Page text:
Werribee Gorge State Park

The clock on the exam timer webpage indicated 10 minutes left for the exam. After 3 hours and 35 minutes, my concentration was seeping away despite having two coffees before the exam. Part of me wishes to give up, to stop pushing my wearied body and mind. The other part of me was whispering to myself: “You’ve already gone this far. Give it your all, there is only 10 minutes to go. Make the past year of studying worthwhile.” With the questions already completed, I continue to proofread as fast as I could, fixing what grammar mistakes I could find. Before I knew it, the 5-minute mark arrived. Being an online exam, I converted the Word Document into a pdf format and submitted it to the platform. 2:42 pm, the clock read 3 minutes left. I refused to concede. I proceeded to download the document multiple times from the platform to ensure that the correct document has been uploaded, skimming a few times to check if I have answered all the questions. As 2:44pm came, I thought to myself that there was nothing I could do. Yet I still kept checking. The clock struck 2:45pm, signalling the end. The adrenaline rush was at its peak.

I was finally done.

After having 7 exams in 11 days, I was finally done.

Does that mean that I can finally relax, without the feeling of guilt that I should be studying?

It is a strange thought to behold.

The last few months have been rather draining. As week after week passed by, I was consistently at least 2-3 weeks behind on lecture content. A break has been long overdue. Academically, this 1st year of studying Dentistry has been the most difficult and busy throughout my educational journey in high school and university. Initially, when starting dentistry this year, I naively thought to myself:

“Surely it’s just teeth yeah, it shouldn’t be that bad.”

And boy was I wrong. Wrong 10 times over.

An upper-year student mentioned to me at the beginning of this year that the 1st year of Dentistry was at least twice the workload of Biomed in undergrad. I didn’t believe them at the time, but now personally arriving at the end of the year, I certainly affirm the sentiment. In Biomed, with the semester being only 12 weeks, it was somewhat crammable – where watching all the lectures twice was certainly achievable. In Dentistry, there was simply too much content, being impossible to cover everything, requiring prioritisation of content that was high yield, with speculative guesswork as to what the lecturers may potentially ask.

Moreover, with extended semesters, only four single-week breaks were present in the calendar of the academic year. As such, one cannot afford to burn out to recover in the long breaks between semesters as Biomed. It is very much a marathon and not a sprint.

As a cherry on top, the proverbial icing on the cake, the culmination of the academic year comprised of 7 exams in the span of 11 days. It was a brutal way of conditioning the cohort to become more resilient. For me, the routine of the examination period cycled through drinking coffee, doing an exam at 11am, followed by napping in the afternoon to have sufficient energy to continue studying at night for the following exam. Bland and monotonous? By all means. But such a routine provided an excellent opportunity to reflect on what was learnt throughout the year, consolidating and integrating vast amounts of information into somewhat coherent responses for each exam.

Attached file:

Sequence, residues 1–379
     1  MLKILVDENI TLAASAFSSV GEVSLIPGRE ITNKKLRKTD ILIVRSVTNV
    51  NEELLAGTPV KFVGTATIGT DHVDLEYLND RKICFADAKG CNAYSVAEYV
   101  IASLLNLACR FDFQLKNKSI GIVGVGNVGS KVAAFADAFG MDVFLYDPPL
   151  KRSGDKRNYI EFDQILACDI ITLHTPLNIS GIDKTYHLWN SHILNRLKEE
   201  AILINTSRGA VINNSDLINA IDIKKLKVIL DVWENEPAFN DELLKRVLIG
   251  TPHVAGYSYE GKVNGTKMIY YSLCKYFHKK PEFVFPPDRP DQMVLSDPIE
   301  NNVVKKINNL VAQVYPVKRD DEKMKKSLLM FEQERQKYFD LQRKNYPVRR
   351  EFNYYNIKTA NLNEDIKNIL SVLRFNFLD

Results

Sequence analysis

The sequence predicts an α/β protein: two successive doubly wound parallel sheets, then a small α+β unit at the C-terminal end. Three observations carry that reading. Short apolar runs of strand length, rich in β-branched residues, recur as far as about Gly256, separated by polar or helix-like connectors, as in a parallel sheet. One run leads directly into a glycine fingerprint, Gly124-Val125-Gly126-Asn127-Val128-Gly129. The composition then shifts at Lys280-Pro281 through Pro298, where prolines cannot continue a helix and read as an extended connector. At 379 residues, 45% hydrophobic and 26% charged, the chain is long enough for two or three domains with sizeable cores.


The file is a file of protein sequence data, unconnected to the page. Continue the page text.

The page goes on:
I shudder at the thought of dentistry becoming more difficult in the years to come. However, I am optimistic – hopeful even, because of the potential growth that the coming years may bring. That the future may be brimming with opportunities to refine one’s study habits and one’s hand skills to progress towards maturity in thinking and practice.

The infamous philosopher, Friedrich Nietzche, muses with the now rather clichéd adage:

Out of life’s school of war, what doesn’t kill me, makes me stronger.

Friedrich Nietzche

Clichés, though overused, typically have a reason for becoming clichés in the 1st place, containing much profound truth.

If one isn’t permanently injured from life’s school of war, one grows to become stronger.

Now is the time to rest, recuperate, and recharge. To prepare and fight once again for life’s school of war.

“I must go on boasting. Though there is nothing to be gained by it, I will go on to visions and revelations of the Lord. I know a man in Christ who fourteen years ago was caught up to the third heaven—whether in the body or out of the body I do not know, God knows. And I know that this man was caught up into paradise—whether in the body or out of the body I do not know, God knows— and he heard things that cannot be told, which man may not utter. On behalf of this man I will boast, but on my own behalf I will not boast, except of my weaknesses— though if I should wish to boast, I would not be a fool, for I would be speaking the truth; but I refrain from it, so that no one may think more of me than he sees in me or hears from me. So to keep me from becoming conceited because of the surpassing greatness of the revelations, a thorn was given me in the flesh, a messenger of Satan to harass me, to keep me from becoming conceited. Three times I pleaded with the Lord about this, that it should leave me. But he said to me, “My grace is sufficient for you, for my power is made perfect in weakness.” Therefore I will boast all the more gladly of my weaknesses, so that the power of Christ may rest upon me. For the sake of Christ, then, I am content with weaknesses, insults, hardships, persecutions, and calamities. For when I am weak, then I am strong.” – 2 Corinthians 12:1-10 ESV